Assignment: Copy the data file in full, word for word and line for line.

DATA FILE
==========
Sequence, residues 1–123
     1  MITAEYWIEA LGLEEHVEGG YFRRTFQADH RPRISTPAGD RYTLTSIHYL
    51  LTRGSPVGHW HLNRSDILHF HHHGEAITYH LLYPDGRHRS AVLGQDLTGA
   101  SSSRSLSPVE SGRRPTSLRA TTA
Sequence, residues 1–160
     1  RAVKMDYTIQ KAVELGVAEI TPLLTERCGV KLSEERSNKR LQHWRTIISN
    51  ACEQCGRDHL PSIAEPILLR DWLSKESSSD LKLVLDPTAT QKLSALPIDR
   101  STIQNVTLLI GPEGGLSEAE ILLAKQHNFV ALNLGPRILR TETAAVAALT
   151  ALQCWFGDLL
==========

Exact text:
Sequence, residues 1–123
     1  MITAEYWIEA LGLEEHVEGG YFRRTFQADH RPRISTPAGD RYTLTSIHYL
    51  LTRGSPVGHW HLNRSDILHF HHHGEAITYH LLYPDGRHRS AVLGQDLTGA
   101  SSSRSLSPVE SGRRPTSLRA TTA
Sequence, residues 1–160
     1  RAVKMDYTIQ KAVELGVAEI TPLLTERCGV KLSEERSNKR LQHWRTIISN
    51  ACEQCGRDHL PSIAEPILLR DWLSKESSSD LKLVLDPTAT QKLSALPIDR
   101  STIQNVTLLI GPEGGLSEAE ILLAKQHNFV ALNLGPRILR TETAAVAALT
   151  ALQCWFGDLL